Ben-Hur: A Remake Too Far?

Who wore it better? Jack Huston (left) and Charlton Heston (right) as Judah Ben-Hur.

Remakes are not a new phenomenon. Ben-Hur, William Wyler’s iconic biblical epic from 1959, was itself a remake of a 1925 silent film by Fred Niblo, which was a remake of an earlier adaptation from 1907 by Canadian Director Sindey Olcott. Even before the first Ben-Hur picture, Lew Wallace’s 1880 book, Ben-Hur: A Tale of the Christ, had previously been adapted into a successful play, and probably a Hugh Jackman musical. The decades since have taught us that remakes are an inevitable fact of life, sometimes good, sometimes bad, but at least the films we love will be there forever. Despite all this, watching the first trailer for this year’s Ben-Hur felt very different, almost like a personal insult. I was compelled to run through the streets, possibly naked, and wail manically on the horrors of CGI and inappropriate casting decisions. More than anything, I was shocked. Shocked that of all the films in the world, they’d done this to Ben-Hur.

Beloved classics have been remade in the past, and it’s a practice that remains as common as ever. Recent years have brought Robocop, Point Break, Total Recall, Carrie, True Grit, Evil Dead, Oldboy…it goes on and on. But Ben-Hur was a film that felt untouchable. After all, the 1959 version is widely considered among the greatest films of all time, one of only three features to win eleven Academy Awards, including Best Picture, Best Director, and Best Actor. It’s akin to remaking The Godfather, or Gone with the Wind – films that have been cemented in annals of popular culture, parodied in everything from The Simpsons to Father Ted.

Of course, it’s naïve to assume that anything is sacred in Hollywood, especially if there’s some money to be made. But it’s also important to remember that remakes aren’t always a terrible thing. Many of them have become classics in their own right, even if they don’t replace the original. The Magnificent Seven, Scarface, The Gold Rush, Heat, The Thing, A Fistful of Dollars, and The Departed were all derived from older films. And some remakes might not necessarily be masterpieces, but they don’t have to soil the memory of the first time around; personally, I’ll always have a soft spot for Martin Scorsese’s Cape Fear (1991), despite De Niro’s occasionally confused southern inflections. Not every “reimaging” is quite as misjudged as Gus Van Sant’s 1998 re-tread of Psycho.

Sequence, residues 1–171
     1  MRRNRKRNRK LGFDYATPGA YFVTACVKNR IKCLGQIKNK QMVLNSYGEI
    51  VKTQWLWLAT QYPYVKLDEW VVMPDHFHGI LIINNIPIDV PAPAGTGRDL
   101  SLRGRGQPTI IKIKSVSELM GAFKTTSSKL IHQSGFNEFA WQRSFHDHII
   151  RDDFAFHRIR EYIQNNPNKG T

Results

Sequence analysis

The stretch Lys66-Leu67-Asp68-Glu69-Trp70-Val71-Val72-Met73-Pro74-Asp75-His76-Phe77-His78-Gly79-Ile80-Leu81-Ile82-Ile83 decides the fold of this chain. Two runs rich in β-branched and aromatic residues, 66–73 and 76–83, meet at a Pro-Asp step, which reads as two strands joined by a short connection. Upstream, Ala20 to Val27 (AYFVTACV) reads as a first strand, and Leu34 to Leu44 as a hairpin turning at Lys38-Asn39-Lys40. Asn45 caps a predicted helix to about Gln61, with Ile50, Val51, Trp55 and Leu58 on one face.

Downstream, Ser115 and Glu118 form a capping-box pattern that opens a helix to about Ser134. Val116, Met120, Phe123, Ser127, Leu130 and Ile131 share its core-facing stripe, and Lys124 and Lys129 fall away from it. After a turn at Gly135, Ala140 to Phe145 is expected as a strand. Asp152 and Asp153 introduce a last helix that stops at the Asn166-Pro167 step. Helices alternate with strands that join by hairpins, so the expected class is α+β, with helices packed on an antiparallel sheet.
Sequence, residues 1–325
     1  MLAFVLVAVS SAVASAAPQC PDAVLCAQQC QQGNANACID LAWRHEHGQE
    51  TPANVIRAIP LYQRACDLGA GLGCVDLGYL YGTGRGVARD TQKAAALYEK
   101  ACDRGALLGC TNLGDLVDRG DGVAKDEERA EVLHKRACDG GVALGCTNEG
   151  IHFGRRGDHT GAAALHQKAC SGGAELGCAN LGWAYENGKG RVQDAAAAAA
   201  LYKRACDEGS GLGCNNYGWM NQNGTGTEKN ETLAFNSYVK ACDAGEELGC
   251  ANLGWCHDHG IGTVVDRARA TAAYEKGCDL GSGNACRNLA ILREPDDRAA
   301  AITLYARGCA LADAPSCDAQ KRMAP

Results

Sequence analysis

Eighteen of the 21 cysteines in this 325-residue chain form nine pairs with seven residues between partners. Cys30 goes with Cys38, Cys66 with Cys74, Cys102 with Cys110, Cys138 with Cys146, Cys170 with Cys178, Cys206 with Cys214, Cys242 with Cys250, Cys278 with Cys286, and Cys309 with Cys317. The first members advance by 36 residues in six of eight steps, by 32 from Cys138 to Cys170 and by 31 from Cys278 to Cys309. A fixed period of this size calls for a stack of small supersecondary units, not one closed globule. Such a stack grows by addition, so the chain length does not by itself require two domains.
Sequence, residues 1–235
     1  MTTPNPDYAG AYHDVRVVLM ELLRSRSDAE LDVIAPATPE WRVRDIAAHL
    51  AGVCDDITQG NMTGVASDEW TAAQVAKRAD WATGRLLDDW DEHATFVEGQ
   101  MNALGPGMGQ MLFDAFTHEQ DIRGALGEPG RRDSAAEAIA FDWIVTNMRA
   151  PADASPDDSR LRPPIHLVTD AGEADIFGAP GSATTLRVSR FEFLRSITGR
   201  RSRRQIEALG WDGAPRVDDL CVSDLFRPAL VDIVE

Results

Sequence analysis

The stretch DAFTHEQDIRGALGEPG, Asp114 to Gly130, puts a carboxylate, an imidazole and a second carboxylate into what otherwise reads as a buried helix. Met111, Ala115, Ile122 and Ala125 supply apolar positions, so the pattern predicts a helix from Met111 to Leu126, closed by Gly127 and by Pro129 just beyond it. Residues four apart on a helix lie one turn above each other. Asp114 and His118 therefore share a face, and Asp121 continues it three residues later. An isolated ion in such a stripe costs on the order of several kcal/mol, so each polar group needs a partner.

Charlton Heston and Jack Hawkins in Ben-Hur (1959).

So what is it about Ben-Hur that offends me so deeply? The essential problem with remakes is that people often attach a lot of emotional baggage to films that they love, and it doesn’t feel nice when you see those memories being trampled on or replaced, particularly if the remake looks a bit naff. This goes to explain a lot of the vitriol directed towards the first trailer for the upcoming Ghostbusters “reboot”; it might not be rational, but cinema means an awful lot more to people than is often sensible.

Regardless of how you feel, remakes certainly aren’t the sort of thing that should be encouraged. When there are so many fresh stories to be told, it’s always disappointing to see the industry reverting to type and pushing out the same material we’ve seen before. However, putting aside my personal attachments, what is it that makes Ben-Hur so disheartening, if not inexcusable?

Fundamentally, it’s really difficult to find any reason to be interested. Directing the project is Timur Bekmambetov, the visionary behind Abraham Lincoln: Vampire Hunter (a truly awful film despite its postmodern pretentions) – whereas the 1959 Ben-Hur was helmed by the great William Wyler, a three-time Academy Award winner and the only director of three Best Picture winners, whose catalogue includes Wuthering Heights (1939), Roman Holiday (1953), and The Big Country (1958). The greatest affront to decency, however, is that the trailer appears to be comprised entirely of scenes and characters that were done better almost sixty years ago. I re-watched Ben-Hur (1959) recently as part of a degree module, and despite having seen the film before, I was genuinely taken aback by its spectacle and technical achievement. The famous chariot race remains as exciting and visceral as ever, while the CGI enthused sequence in the new trailer just brought out a tremendous sigh from deep within my soul.

The nine-minute chariot race from Ben-Hur (1959).

Of course, it’s only a trailer, and there are several months to go until the final product is out – if the Earth was built in seven days, who knows what Bekmambetov can do in five months. But the entire thing simply appears devoid of any respect for what came before it, or any intention of forming its own identity, as if a child reproduced The Mona Lisa with a huge, toothy grin, and plastered it around the art galleries of the world. The most important question one should ask oneself before embarking on anything, particularly if you’re going to spend a lot of money, is why? Watching this trailer, I certainly can’t answer that.

Den of Geek recently published a comprehensive list of films due to receive remakes, and it makes for sobering reading. Whatever comes of these impending updates, whether it’s Ben-Hur, The Magnificent Seven, or even An American Werewolf in London, we may take comfort in the fact that the originals will remain exactly as they are, un-weathered by time and fate. So maybe it’s best to calm down and let the hacks and the money people do their thing; pretenders may come and go, but we’ll always have Ben-Hur.

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